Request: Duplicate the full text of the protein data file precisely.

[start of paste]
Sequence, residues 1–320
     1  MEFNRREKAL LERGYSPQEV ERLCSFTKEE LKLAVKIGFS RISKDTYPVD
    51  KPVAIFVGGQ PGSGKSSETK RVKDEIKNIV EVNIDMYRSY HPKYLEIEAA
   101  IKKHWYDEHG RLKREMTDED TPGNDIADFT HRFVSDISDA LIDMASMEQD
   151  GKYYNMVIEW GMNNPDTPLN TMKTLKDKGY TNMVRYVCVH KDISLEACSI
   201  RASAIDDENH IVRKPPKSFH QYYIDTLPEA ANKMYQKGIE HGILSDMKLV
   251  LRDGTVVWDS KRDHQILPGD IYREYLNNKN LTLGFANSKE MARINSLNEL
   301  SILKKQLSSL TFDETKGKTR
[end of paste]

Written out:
Sequence, residues 1–320
     1  MEFNRREKAL LERGYSPQEV ERLCSFTKEE LKLAVKIGFS RISKDTYPVD
    51  KPVAIFVGGQ PGSGKSSETK RVKDEIKNIV EVNIDMYRSY HPKYLEIEAA
   101  IKKHWYDEHG RLKREMTDED TPGNDIADFT HRFVSDISDA LIDMASMEQD
   151  GKYYNMVIEW GMNNPDTPLN TMKTLKDKGY TNMVRYVCVH KDISLEACSI
   201  RASAIDDENH IVRKPPKSFH QYYIDTLPEA ANKMYQKGIE HGILSDMKLV
   251  LRDGTVVWDS KRDHQILPGD IYREYLNNKN LTLGFANSKE MARINSLNEL
   301  SILKKQLSSL TFDETKGKTR